Dec 15, 2018 I Nick Redfern

Ghost of the Extremely Hungry Kind

Imagine waking up with a start in the early hours of the morning and being confronted by one of the most terrifying-looking creatures that you could possibly ever imagine: a pale-skinned, humanoid monster with withered arms and legs, a huge stomach, an oversized neck, and a mouth smaller than a dime. It stares at you in malevolent style as it leans in close. You suddenly develop a terrible feeling that the monster is seeking out your life-force, your vital energies, and your very essence. A sudden weakness and helplessness overwhelms you, as you seek to fight off the terrible thing that has suddenly invaded your space. In seconds it’s gone though, sated and satisfied by the fact that it has just fed on you. Whether you realize it or not, what you have just encountered is an ancient supernatural entity known as a hungry ghost.

The concept of the hungry ghost is not that well known in the West. That’s because the phenomenon is very much one which has its origins in India and the Far East. It’s tied to such issues as karma, to how we choose to live on this physical plane, to the consequences in the afterlife of having chosen the wrong path, and to the form we may return in when we finally exit the physical plane.

The hungry ghost phenomenon is one that plays significant roles in the teachings of Sikhism, which came into existence, in India, in the latter years of the 1400s. The Sikhs – of which, today, there are close to thirty million – have their own sacred text, the Guru Granth Sahib. It teaches Sikhs to avoid what are known as the “Five Thieves.’ They are character traits which are seen as wholly unacceptable within Sikhism. Those traits are anger, greed, lust, conceit, and attachment. Should a person go against the traditional teachings, Sikhs believe, there is a very strong likelihood that the same person, after death, will return to our plane of existence in the form of a hungry ghost.

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A section of the Hungry Ghosts Scroll from the Kyoto Museum

Buddhists are deeply familiar with the hungry ghost phenomenon, too. Like Sikhism, Buddhism also originated in India - around the 5th century BC. Jainism, which is also an India-originated religion, believes that reincarnation is a reality and that the hungry ghost phenomenon is inextricably tied to it – as we shall soon see. China’s Taoism also has a tradition of belief in these malevolent spirits, as do the followers of Hinduism. In other words, the hungry ghost concept is one known to various nations and cultures – and for a very long time, too.

While all of the above-religions have significant differences – in terms of beliefs, the nature of the afterlife, and the specific definition of a supernatural creator – they are all pretty much in sync when it comes to one particularly relevant issue. Namely, how one lives on Earth will dictate how one will exist in the afterlife, the world to come. If you strive to live a good, honest life, then the domain of the dead will embrace you in a positive fashion. If, however, you choose to live a lawless, evil and hate-filled life, then the outcome for you after you move on from the physical plane will be very different. In a worst-case scenario, you just might be cast back to the Earth in the form of a hungry ghost.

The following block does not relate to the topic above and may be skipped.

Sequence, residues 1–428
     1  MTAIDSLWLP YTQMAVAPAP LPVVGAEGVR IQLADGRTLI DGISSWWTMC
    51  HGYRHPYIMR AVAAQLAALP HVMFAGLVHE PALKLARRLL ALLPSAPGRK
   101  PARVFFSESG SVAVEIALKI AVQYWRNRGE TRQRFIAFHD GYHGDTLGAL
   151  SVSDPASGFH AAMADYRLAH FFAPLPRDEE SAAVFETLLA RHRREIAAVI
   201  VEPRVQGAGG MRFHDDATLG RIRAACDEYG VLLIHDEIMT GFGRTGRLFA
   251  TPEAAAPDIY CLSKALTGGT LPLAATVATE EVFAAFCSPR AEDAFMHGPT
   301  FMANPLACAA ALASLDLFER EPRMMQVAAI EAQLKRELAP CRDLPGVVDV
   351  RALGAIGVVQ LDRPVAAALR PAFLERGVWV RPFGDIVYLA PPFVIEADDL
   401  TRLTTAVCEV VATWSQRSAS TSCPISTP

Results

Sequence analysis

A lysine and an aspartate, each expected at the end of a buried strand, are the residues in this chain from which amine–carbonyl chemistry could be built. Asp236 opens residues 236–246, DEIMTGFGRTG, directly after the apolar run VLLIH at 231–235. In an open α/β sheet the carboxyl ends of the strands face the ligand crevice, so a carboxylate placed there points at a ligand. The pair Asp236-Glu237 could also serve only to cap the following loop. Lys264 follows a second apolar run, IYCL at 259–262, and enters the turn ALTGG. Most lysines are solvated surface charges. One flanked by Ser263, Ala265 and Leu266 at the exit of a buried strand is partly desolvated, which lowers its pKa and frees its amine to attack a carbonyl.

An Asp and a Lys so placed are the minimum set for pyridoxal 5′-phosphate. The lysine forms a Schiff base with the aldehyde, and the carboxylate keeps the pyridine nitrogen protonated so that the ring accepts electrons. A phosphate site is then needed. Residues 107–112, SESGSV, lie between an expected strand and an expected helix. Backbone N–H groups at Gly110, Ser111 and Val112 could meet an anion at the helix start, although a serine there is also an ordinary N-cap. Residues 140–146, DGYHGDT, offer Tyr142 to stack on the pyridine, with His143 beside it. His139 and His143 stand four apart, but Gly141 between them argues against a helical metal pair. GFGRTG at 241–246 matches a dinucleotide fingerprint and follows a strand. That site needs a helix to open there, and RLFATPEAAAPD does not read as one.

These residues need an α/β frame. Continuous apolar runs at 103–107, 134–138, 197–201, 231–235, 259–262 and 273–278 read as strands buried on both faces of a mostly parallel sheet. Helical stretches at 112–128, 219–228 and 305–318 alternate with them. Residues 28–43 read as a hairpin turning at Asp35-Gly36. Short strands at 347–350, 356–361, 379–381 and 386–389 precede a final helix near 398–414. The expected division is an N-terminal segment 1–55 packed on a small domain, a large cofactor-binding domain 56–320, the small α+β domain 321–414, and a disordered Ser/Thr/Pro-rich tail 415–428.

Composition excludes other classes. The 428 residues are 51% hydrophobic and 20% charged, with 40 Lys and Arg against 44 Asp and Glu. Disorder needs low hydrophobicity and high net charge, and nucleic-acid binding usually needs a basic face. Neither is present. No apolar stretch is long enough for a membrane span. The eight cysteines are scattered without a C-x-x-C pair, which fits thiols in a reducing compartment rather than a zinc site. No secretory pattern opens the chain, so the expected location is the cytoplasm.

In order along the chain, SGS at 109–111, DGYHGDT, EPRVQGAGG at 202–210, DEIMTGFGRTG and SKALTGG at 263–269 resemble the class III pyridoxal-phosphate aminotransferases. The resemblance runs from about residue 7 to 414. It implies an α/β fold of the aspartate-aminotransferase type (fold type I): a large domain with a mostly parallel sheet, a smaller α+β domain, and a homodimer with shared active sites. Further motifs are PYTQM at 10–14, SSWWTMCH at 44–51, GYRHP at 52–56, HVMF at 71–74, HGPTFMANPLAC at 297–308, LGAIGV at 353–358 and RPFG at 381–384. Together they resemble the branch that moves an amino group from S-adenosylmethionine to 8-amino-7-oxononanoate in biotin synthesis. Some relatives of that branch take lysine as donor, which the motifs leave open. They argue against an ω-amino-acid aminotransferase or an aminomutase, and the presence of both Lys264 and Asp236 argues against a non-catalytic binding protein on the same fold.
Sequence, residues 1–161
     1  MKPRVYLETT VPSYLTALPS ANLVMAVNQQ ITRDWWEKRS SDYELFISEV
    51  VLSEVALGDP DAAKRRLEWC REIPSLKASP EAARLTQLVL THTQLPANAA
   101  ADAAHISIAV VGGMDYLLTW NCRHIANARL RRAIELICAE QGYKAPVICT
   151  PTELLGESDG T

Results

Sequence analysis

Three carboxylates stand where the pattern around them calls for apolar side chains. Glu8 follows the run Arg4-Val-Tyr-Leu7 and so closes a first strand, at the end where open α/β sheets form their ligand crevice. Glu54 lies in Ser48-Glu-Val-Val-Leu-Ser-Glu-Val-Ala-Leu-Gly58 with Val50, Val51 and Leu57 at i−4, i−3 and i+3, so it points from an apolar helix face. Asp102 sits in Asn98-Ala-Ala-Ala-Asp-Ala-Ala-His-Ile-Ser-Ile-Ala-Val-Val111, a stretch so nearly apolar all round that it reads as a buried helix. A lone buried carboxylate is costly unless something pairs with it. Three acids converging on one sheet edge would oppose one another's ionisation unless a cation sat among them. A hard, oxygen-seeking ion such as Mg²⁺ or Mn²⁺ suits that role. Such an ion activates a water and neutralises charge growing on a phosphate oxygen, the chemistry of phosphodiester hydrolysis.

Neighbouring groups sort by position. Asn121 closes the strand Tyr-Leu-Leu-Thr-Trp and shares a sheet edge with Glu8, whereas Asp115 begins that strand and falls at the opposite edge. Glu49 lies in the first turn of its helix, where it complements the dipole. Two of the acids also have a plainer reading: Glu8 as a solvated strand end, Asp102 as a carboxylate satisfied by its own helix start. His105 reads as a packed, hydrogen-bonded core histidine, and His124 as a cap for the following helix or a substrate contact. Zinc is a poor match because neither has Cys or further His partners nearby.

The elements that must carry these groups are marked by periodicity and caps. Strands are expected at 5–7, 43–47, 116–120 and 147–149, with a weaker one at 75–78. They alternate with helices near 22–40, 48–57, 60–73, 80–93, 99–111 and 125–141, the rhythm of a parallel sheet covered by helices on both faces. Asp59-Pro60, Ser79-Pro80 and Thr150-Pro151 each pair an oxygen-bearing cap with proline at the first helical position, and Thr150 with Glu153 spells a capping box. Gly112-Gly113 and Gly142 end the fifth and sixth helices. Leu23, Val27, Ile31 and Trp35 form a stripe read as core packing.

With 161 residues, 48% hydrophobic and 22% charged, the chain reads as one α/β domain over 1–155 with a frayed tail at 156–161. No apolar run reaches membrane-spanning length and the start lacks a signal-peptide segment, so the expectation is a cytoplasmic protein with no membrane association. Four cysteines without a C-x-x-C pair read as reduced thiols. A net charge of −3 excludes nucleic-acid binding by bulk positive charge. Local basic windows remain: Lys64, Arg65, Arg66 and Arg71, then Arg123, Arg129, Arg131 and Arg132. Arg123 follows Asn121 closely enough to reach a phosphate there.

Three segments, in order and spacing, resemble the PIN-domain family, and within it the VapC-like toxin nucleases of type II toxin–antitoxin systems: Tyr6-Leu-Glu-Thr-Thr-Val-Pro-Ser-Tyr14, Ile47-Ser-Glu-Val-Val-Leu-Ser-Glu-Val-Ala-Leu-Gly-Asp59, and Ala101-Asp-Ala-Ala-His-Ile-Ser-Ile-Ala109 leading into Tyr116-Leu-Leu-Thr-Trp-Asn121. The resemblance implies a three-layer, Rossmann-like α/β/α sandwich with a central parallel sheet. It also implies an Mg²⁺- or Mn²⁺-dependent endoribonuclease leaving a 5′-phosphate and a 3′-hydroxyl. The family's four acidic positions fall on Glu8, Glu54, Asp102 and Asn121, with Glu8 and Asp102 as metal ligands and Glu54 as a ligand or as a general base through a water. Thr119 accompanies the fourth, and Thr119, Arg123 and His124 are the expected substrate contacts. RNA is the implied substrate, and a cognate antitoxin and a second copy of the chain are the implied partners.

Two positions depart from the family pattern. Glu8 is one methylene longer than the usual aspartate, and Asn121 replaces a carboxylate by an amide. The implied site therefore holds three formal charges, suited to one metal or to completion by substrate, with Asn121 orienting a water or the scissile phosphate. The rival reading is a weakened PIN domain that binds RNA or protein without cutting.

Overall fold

It is the destiny of the hungry ghost to have an afterlife that is filled with torment, frustration and rage. And a need to feed on the living, too. It’s seldom that hungry ghosts are seen – chiefly, they only appear when they voraciously crave food. For the most part and for the rest of the time, they prefer to hide themselves away in the likes of caves, cellars, and old, dark abodes – in fact, just about anywhere that is free of the light of the day. As for what, exactly, the hungry ghost needs and desires from us, it is all very much dependent on the aforementioned issue of karma. But what is karma? Let’s take a look.

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A section of the Hungry Ghosts Scroll from the Kyoto Museum

In a 2012 article, “The Meaning of Karma and How You Can Break Its Grip,” Sadhguru – an Indian poet, author and mystic – says: “Karma literally means action. We are referring to past action. From the moment you were born till this moment, the kind of family, the kind of home, the kind of friends, the things that you did and did not do, all these things are influencing you. Every thought, emotion and action comes only from past impressions that you have had within you. They decide who you are right now. The very way you think, feel and understand life is just the way you have assimilated inputs. We call this karma.”

Karma is, arguably, just about the worst nightmare of the hungry ghost. If, in your physical existence, you were driven solely by greed – whether for money, riches and / or power – you may find yourself returned as a hungry ghost whose greed revolves around food. Yet, that infinitely tiny mouth – which is typical of the hungry ghost – prevents you from ingesting just about anything. Thus, you are in a state of never-ending frustration and a need to feed – hence why this particular form of spirit is called the hungry ghost. It is, quite literally, in a constant state of starvation that it tries to alleviate by targeting us.

Nick Redfern

Nick Redfern works full time as a writer, lecturer, and journalist. He writes about a wide range of unsolved mysteries, including Bigfoot, UFOs, the Loch Ness Monster, alien encounters, and government conspiracies. Nick has written 41 books, writes for Mysterious Universe and has appeared on numerous television shows on the The History Channel, National Geographic Channel and SyFy Channel.

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